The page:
If, you want to be intelligent about how you improve your skills, you have to supplement practice with education, which gives you a sense of where to focus your efforts.
Now, in a perfect, just, and beautiful world, this is what sex education would be about. But that ain’t the world we live in. Unless you’ve done some research on your own, took other classes that happened to cover the topic, or happened to be in a really progressive sex ed class, there’s probably a lot you don’t know.
If you plan on interacting sexually with anyone’s body, whether it’s yours or another’s, you should know what you’re dealing with. The human body is complex, with far too many pieces and nuances for me to do it justice in this article. However, if you’re interested in learning more, you should check out Scarleteen’s comprehensive guide, “With Pleasure: A View of Whole Sexual Anatomy for Every Body,” which explains human anatomy in the context of pleasure, providing detailed descriptions of each body part and its functions.
Turn-ons and Turn-offs
Did your high school sex ed class talk about fetishes? Yeah, mine didn’t either. But that doesn’t make them any less real—everyone’s got their own turn-ons. Similarly, everyone’s got their own turn-offs.
Of course, if you haven’t been given either information about fetishes or the opportunity to explore your own sexuality, it might be hard to imagine what these might be for you. Having your fetishes and fantasies fulfilled can bring your sex to new heights, but, naturally, it’s hard to get there if you don’t know what yours are.
There are a couple of ways to overcome this and drum up some ideas.
Talk to someone about their turn-ons. Find a friend or a partner who you can speak honestly about sex with, and ask them what their turn-ons are. Remember the point above regarding baggage and try to hear their answers without judgment, even if you don’t find them sexy in any way.
Read and watch. Read some erotica. Watch some porn. Neither of them provide 100% accurate views of sex, but you may find some things in there that get your blood pumping and your imagination racing. Others might strike you as entirely un-fun.
Check out a sex checklist. These are great resources designed to get you thinking about what aspects of sex you’re into. They’re very simple: typically a list of activities that you simply mark according to your interest. You can find some here and here and here and here.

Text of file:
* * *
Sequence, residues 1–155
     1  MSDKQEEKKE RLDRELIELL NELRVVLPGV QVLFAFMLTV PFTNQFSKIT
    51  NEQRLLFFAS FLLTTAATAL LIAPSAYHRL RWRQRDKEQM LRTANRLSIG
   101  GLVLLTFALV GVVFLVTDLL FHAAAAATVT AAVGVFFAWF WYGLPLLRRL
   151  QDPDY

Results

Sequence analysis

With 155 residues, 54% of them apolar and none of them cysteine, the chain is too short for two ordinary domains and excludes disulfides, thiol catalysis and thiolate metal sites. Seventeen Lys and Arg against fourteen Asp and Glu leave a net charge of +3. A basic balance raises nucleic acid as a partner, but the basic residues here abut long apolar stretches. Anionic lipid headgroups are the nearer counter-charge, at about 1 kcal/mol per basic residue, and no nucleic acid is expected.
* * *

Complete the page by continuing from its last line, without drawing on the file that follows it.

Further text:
Don’t forget: everyone’s tastes are different. There’s nothing inherently wrong or shameful about any kink or turn-on you might have. Similarly, there’s nothing wrong with being “vanilla,” nor should you be ashamed of your turn-offs. Everyone has their own individual set of turn-ons and turn-offs. Taking some time to figure out what they are will empower you to take more responsibility for your pleasure.
Technique and Sexual Variety
You’ll notice that throughout this article, I’m avoiding giving any advice on technique. That’s intentional. I can’t teach you, for instance, the best way to give oral sex, because of a truth so many people overlook: Everyone has different tastes.
Having the same genitalia as someone else does not mean you both like to be touched the same way. Some people, for instance, have very sensitive clitorises, and can only take minor stimulation without it being uncomfortable. On the other hand, some people love hard and intense clitoral stimulation. What works for one won’t work for the other.
Neither Cosmo, Maxim, nor I can tell you what your partner wants or likes. The only way to know that is through communication. That’s why, rather than learning how to have sex, you should focus on learning about anatomy and sexuality, turn-offs and turn-ons, so that if the time comes when you forge a sexual relationship with a partner, you have an educated understanding of sex while remaining open to their individual sexuality.
Communication and Consent
Communication is a cornerstone of any good relationship, whether it’s a friendship, a romantic relationship, and/or a sexual one, for a very simple reason: unless you’re planning a surprise party or an assassination, more transparency is always better.
When it comes to sex, communication is even more paramount, for a couple of reasons. First, since no one’s a mind-reader, communication is key to figuring out your partner’s preferences. Your partner’s never gonna know you want to be spanked if you don’t communicate that fact. But what’s more—in fact, more importantly by far—communication is the only way to establish consent, which is crucial any time you’re interacting with another person’s body. You simply can’t have great sex without communication.
Talking about sex, however, can be difficult and embarrassing. As embarrassing as it is, it’s important to be able to talk about sex if you want to maintain a healthy sexual relationship.